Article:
Does your business permit employees to bring their own devices to work? Are they allowed to connect to your networks with their devices? If so, your cybersecurity plan depends on creating and implementing a clear bring-your-own-device (BYOD) policy. This policy should clearly lay out what kinds of devices are and are not permitted, what data and which networks can be accessed and what rights you have, as the employer, to manage your employees’ devices. It’s also critical to require stiff security measures be used on any personal devices to ensure that company data remains well-protected.
6. Audit Your Systems
Routine audits of point-of-sale devices, backend hardware, business networks and other systems is an integral part of any effective cybersecurity plan, but it’s all the more essential in the days and weeks leading up to the holiday season. With detailed audits and penetration tests, you can identify and fix any vulnerabilities and ensure that your systems are secure and robust enough to handle anything that’s thrown your way during the holidays.
7. Protect Against Ransomware
Ransomware is not a new threat, but it has become significantly more common – and costly – over the last year. Businesses of all sizes and in all industries have come under attack from this growing cyber threat, resulting in billions of dollars in losses and damages around the globe. There is no single way to avoid or prevent ransomware attacks, but all employees should be made aware of the threat and urged to practice good cybersecurity habits at all times. This includes never clicking on email links from unknown senders, keeping all software updated and patched and installing effective antivirus solutions on all devices.
8. Employ Detection Tools
When a data breach or other cyberattack occurs, time is of the essence. A timely, appropriate response may mean the difference between minimal disruption and a major security issue, so early detection is key. To facilitate this, install intrusion detection tools across your networks and ensure that your employees are regularly monitoring these tools. If an intrusion is detected, train your employees to immediately begin enacting the response plans you created earlier.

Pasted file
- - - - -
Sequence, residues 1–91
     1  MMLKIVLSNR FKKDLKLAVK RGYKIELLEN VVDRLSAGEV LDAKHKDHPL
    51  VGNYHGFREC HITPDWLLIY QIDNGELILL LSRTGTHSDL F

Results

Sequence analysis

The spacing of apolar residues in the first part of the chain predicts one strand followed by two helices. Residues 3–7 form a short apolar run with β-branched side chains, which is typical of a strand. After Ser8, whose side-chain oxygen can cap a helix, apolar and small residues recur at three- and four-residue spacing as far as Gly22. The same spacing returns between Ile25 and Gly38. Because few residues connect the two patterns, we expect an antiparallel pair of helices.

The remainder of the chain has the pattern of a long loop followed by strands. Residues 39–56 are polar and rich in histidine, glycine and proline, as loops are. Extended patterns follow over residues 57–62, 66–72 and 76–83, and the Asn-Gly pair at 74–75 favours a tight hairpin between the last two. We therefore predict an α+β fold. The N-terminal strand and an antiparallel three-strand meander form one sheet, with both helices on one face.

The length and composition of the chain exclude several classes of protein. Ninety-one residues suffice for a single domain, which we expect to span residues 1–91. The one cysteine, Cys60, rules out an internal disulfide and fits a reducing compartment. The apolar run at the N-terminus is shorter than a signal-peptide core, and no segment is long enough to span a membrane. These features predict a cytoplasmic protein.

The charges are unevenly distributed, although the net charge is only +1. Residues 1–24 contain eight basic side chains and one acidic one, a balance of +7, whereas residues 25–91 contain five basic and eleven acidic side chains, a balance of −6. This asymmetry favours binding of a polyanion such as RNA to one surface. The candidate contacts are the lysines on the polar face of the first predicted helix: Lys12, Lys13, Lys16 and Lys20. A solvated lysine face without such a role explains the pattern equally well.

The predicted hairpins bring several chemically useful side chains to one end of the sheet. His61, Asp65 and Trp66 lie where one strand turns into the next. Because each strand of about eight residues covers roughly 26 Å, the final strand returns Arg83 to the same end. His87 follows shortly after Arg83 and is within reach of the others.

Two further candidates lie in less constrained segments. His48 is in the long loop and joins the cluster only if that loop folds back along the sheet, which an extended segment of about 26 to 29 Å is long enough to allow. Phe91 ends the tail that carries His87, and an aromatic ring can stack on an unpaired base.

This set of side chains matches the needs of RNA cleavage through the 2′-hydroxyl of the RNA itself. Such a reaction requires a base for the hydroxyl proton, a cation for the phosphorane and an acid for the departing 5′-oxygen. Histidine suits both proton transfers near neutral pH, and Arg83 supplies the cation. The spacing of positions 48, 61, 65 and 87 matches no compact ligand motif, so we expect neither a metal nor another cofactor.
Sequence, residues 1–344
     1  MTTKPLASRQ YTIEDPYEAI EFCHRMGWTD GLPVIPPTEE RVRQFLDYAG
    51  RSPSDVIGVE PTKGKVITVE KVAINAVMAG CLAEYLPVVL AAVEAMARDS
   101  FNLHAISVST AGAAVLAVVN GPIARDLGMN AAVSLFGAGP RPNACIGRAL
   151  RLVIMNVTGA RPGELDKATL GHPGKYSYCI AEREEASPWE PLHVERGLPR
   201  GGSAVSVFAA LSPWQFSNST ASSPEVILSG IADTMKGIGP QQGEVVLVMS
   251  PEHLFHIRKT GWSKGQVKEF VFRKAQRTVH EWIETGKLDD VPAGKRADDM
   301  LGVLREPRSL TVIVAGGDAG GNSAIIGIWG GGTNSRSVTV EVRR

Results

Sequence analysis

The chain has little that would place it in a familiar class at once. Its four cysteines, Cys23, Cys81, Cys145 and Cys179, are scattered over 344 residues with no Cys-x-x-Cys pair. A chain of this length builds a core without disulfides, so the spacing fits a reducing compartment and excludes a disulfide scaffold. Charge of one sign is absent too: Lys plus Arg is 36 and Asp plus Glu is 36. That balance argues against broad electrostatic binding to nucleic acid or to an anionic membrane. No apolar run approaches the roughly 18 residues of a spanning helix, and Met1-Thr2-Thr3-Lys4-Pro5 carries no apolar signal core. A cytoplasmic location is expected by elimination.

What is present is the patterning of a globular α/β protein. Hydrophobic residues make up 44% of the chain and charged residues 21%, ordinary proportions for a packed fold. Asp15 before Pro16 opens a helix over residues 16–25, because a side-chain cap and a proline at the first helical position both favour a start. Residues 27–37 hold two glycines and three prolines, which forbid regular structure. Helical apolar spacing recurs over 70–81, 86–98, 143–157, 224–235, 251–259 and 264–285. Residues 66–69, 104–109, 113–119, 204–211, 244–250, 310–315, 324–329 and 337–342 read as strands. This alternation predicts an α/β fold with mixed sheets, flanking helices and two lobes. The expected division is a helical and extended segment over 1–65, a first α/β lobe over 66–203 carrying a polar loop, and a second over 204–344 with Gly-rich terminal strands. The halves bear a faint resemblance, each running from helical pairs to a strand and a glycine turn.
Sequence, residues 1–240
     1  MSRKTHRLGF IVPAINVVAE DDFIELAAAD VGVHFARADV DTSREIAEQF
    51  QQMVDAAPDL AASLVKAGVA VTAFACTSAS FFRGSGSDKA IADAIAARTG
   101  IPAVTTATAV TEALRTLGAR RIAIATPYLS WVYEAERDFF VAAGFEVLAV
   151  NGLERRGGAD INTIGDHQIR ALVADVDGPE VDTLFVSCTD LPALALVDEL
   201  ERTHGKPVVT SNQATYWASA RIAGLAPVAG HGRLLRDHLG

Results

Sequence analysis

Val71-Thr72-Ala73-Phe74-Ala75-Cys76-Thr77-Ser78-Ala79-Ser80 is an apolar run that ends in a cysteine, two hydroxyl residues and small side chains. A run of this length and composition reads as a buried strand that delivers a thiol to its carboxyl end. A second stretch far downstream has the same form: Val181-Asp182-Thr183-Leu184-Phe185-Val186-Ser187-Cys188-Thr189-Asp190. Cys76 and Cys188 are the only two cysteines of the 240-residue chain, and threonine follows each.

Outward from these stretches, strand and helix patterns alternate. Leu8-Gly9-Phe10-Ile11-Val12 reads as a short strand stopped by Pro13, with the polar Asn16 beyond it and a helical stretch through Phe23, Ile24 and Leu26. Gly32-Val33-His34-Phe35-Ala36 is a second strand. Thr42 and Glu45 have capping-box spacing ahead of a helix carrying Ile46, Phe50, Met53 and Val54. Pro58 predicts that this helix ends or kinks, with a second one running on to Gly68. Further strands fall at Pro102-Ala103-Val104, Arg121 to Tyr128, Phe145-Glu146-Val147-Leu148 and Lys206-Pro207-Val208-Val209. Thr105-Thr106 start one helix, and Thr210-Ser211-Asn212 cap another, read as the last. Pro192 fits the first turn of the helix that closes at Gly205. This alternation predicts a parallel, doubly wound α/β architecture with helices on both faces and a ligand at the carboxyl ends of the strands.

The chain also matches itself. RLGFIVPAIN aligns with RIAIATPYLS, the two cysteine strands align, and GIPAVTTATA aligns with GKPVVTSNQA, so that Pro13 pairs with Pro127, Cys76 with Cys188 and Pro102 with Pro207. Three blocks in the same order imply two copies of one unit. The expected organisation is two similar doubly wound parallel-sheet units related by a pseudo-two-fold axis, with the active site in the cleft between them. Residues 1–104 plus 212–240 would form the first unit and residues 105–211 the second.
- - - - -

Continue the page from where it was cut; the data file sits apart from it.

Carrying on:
9. Keep Software Updated
It seems so simple, and yet many otherwise ironclad cybersecurity plans are undermined by software that is out of date. Software updates often include key security patches and other improvements, and failing to keep all of your business’ software regularly updated means you could be left vulnerable to attack. If your business utilizes an externally-hosted payment processing platform, shopping cart or other software, it’s also important to contact your providers and verify that they regularly keep their systems up to date.
10. Prepare for DDoS Attacks
Can your business’ systems withstand a Distributed Denial of Service (DDoS) attack? These relatively simple attacks use massive networks of bots to flood a system, overwhelming its capacity and causing it to slow or shut down entirely. This type of attack can easily cripple a system for an extended period of time, which is particularly damaging during the crucial holiday season. To limit your risk, ensure that you have proper DDoS attack protection and mitigation tools in place, and verify that your systems can handle an attack without degrading or failing.